In her series of photographs for the 2016 Gallery exhibition LVC Reimagined, Bakowski was tasked with creating innovate expressions of the LVC campus. This photograph depicts the hand of Cuewe-Pehelle by Audrey Flack (American, b. 1931). In 1996, Flack was commissioned to create this larger-than-life-size bronze statue depicting a female allegorical figure representing the spirit of Lebanon Valley. Named “Cuewe-Pehelle” from the original Algonquin form of the word "Quittapahilla," the statue now graces the campus plaza honoring the Drs. Clark and Edna Carmean. The Flack creation brought the visual arts outdoors and contributed to the overall beauty of the College’s campus.

Abstract Photography

Though blurred human figures engaging in activities of urban life in 1830s daguerreotypes alluded to photography’s potential for abstraction, Music – A Sequence of Ten Cloud Photographs (1922) by Alfred Stieglitz (American, 1864–1946) was the first intentional set of abstract photographs. Though they depicted observable nature, Stieglitz’s series used cloud forms as an abstract means of portraying music visually. Drawing inspiration from art movements such as Surrealism and Abstract Expressionism, abstract photography developed in dialog with other forms of abstract art through the twentieth century and continues to be explored in great variety within contemporary photography.

By using techniques such as atypical compositional framing or movement, photographers can obscure their images’ connections with the everyday world. In his work Chicago, displayed in the exhibition, photographer Aaron Siskind (American, 1903–1991), used a close-up focus on small details of typography and peeling graffiti in his work to create abstract images of the texture of urban environments.

Nicole Stager (American, b. 1978), Foothill, 2003, c-print (from non-reproducible chromogenic photogram), 12 x 12 inches, Lebanon Valley College Fine Art Collection, gift of Nicki Stager, 2015.3.1.

Nicole Stager’s colorful experiments with photogenic drawing recalls the earliest processes of producing an image on paper without a camera. In 1834, William Henry Fox Talbot (British,1800–1877) had made similar attempts, which he labeled photogenic drawings, meaning “drawing with light.” Stager uses a light source, an enlarger, and photosensitive paper to record the traces of drawing in air as seen in this photogram.

Alyssia Lazin (American), Imagine Beyond, 2009, archival pigment print on paper, 20 inches x 15 inches, Lebanon Valley College Fine Art Collection, gift of Alyssia Lazin, 2015.2.2.

In Imagine Beyond, the camera peers into a window only to have its vision blocked by the barrier of a curtain. However, the photograph invites the viewer to imagine what could lie behind and beyond the curtain, both with the title and the slight sliver of visibility the curtain does not mar, imbuing an ordinary window and curtain with a sense of mystery and wonder. –Rebecca Worhach ’16, Major: Art and Art History, Fall 2014 Gallery Intern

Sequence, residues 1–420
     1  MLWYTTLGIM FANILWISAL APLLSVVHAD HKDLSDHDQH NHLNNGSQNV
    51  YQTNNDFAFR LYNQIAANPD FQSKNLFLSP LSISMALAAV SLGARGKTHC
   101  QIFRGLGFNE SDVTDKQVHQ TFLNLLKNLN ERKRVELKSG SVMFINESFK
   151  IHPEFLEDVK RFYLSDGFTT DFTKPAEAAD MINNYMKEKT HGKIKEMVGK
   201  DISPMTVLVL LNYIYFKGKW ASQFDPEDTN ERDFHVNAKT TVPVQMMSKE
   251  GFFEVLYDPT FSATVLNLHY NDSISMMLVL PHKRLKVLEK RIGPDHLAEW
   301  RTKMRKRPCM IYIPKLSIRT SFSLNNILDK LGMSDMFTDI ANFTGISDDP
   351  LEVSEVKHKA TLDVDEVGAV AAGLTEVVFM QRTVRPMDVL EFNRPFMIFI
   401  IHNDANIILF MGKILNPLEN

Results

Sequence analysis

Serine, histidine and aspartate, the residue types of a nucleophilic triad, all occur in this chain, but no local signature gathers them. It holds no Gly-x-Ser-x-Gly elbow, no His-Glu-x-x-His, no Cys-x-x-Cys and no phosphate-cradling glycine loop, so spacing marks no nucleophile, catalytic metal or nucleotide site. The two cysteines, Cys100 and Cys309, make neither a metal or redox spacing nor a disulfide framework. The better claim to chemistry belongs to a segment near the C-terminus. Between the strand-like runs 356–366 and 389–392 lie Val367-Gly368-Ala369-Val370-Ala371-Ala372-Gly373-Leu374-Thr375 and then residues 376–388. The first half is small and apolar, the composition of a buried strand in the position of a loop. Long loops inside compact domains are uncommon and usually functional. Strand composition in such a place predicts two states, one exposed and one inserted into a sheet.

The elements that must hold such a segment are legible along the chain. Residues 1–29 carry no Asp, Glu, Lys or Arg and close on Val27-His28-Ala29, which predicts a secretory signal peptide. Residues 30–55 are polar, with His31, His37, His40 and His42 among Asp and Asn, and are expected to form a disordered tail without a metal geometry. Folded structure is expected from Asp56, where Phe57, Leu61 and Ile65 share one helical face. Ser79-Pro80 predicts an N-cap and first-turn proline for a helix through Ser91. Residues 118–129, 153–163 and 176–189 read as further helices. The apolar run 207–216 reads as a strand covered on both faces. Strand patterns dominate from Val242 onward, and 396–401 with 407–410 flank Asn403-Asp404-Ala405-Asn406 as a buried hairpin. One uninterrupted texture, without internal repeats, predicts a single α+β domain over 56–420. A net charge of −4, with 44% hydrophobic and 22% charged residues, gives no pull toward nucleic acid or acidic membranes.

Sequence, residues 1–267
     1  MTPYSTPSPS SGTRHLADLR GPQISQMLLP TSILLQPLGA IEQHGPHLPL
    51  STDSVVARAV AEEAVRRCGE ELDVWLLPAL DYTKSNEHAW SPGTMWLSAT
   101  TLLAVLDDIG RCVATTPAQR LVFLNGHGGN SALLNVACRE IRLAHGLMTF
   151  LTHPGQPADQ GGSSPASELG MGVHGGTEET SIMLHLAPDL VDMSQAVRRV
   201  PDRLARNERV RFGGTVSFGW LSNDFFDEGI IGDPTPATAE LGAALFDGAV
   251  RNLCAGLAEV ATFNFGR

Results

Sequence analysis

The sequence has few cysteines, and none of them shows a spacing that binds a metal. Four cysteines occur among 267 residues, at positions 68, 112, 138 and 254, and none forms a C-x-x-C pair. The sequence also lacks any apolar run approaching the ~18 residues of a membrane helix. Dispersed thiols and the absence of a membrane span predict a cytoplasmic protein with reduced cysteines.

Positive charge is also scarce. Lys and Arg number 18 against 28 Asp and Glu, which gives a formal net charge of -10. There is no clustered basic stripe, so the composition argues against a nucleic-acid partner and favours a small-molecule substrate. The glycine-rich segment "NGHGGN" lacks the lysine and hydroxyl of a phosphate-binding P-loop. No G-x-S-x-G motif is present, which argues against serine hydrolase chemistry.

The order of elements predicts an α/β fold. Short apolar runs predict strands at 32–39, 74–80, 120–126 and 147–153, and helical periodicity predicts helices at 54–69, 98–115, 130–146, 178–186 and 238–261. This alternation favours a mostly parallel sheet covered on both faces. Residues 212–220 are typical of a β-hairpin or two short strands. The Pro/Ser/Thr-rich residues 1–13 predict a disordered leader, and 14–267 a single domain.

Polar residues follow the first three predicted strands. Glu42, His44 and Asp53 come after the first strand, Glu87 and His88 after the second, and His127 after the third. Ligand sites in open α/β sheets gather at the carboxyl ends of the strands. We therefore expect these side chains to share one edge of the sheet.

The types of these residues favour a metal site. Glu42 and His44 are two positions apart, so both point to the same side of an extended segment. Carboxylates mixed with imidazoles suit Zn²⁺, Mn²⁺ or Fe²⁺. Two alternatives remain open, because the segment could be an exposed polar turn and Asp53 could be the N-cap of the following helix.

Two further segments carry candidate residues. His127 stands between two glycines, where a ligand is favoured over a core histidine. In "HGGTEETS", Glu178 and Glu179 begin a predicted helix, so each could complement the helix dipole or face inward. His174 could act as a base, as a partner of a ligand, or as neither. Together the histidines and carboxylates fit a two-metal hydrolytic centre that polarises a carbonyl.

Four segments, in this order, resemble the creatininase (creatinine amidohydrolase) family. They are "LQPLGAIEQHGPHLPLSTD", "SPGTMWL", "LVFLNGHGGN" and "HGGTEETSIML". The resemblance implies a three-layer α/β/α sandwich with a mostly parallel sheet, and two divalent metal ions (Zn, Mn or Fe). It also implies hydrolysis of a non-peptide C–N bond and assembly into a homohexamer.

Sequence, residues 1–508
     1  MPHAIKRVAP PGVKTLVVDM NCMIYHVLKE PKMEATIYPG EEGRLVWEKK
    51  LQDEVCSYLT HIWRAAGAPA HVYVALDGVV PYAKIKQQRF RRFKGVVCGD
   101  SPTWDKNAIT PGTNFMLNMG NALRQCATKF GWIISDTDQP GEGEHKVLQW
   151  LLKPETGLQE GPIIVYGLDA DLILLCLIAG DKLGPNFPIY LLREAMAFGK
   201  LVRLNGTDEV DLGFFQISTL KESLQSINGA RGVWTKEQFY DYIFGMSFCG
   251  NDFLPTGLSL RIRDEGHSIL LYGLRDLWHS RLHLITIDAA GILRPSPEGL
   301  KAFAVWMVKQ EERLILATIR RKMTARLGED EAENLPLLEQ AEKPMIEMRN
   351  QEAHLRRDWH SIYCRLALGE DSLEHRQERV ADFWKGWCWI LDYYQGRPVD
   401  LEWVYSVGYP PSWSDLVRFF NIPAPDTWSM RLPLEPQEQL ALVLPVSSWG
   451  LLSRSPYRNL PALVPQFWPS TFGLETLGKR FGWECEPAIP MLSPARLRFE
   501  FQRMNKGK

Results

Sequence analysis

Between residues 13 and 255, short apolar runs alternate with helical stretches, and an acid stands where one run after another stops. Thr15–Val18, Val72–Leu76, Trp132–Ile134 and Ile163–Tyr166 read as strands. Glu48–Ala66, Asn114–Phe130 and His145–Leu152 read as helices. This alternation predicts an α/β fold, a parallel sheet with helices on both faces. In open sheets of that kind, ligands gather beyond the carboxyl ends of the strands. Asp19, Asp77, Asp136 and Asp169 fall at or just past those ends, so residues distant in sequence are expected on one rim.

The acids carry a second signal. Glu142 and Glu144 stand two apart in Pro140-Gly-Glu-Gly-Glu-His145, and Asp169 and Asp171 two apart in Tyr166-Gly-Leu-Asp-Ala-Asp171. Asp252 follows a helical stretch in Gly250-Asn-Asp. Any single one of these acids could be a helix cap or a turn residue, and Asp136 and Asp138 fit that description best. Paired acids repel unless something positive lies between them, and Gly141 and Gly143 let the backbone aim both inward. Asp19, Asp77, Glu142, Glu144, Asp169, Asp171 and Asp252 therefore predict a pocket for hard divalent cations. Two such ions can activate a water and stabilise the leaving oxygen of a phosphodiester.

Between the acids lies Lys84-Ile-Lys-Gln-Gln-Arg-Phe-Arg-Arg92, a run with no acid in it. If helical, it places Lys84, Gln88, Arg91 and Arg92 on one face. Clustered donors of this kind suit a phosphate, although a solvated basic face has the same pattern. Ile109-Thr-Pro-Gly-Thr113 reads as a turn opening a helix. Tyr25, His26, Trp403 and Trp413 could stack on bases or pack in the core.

Pavel Kapic (Czech, b. 1942), Alyssia Lazin (American), Two to Tango, 2014, archival pigment print on paper with mixed media, 40 inches x 32 inches, Lebanon Valley College Fine Art Collection, purchased with the Suzanne Schrotberger Acquisition and Conservation Fund, 2015.2.1.

Czech painter Pavel Kapic distills memories into abstractions using the interplay of colors to evoke the baroque richness of his native Prague and the patterns of the Tuscan landscape surrounding him today. Fleeing his homeland in 1968 at the demise of the Prague Spring, Kapic immigrated to New York City. At Columbia University he continued his studies in statistics begun at Czech Polytechnic University, culminating in a master’s degree. Later he studied sculpture at the New School. During a work-study trip to Tuscany, Pavel was exposed to the region’s stone carving tradition and apprenticed as a carver. He eventually turned his full attention to art and studied painting at the Art Students League of New York. Currently, he works in a variety of media including oils, gouache, and ink.

Born in Lebanon, Pa., photographer Alyssia Lazin began her career as a photographic fashion model working for the renowned Ford Model Agency. She appeared in Vogue, Harper’s Bazaar, and Elle among other fashion publications and worked in New York City, Paris, Milan, and London. It was in this world that she learned about photography from some of the most famous photographers. After four years of modeling, Lazin was accepted into Yale University’s graphic design program where she earned an M.F.A. In New York City she founded a design studio, along with a Yale classmate. Lazin & Katalan eventually counted many Fortune 500 corporations, major American museums, and financial institutions among its clients and won awards from the American Institute of Graphic Arts.

In Two to Tango, husband and wife team Kapic and Lazin have joined their creative forces as part of a series of works known as “Confluence.” The collaboration process starts with jointly selecting Lazin’s photographs that would lend themselves to Kapic’s free interpretation. Kapic then uses the selected imagery as a departure point. Water soluble media are applied to stay true to the photograph’s color scheme and the watercolor paper of the photograph. The goal is to build on the original intent using Kapic’s symbolism, handwriting and color scheme to enhance rather than obliterate—in short, to create new imagery that could not exist without Lazin’s input.